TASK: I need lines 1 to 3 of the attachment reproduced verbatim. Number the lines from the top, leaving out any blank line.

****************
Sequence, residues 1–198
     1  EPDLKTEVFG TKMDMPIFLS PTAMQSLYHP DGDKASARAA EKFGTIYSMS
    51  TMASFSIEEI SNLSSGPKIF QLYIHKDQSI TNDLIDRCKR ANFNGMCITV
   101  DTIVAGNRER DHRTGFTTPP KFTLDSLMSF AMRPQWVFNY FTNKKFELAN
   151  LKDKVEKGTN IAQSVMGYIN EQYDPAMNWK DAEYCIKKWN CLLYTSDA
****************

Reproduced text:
Sequence, residues 1–198
     1  EPDLKTEVFG TKMDMPIFLS PTAMQSLYHP DGDKASARAA EKFGTIYSMS
    51  TMASFSIEEI SNLSSGPKIF QLYIHKDQSI TNDLIDRCKR ANFNGMCITV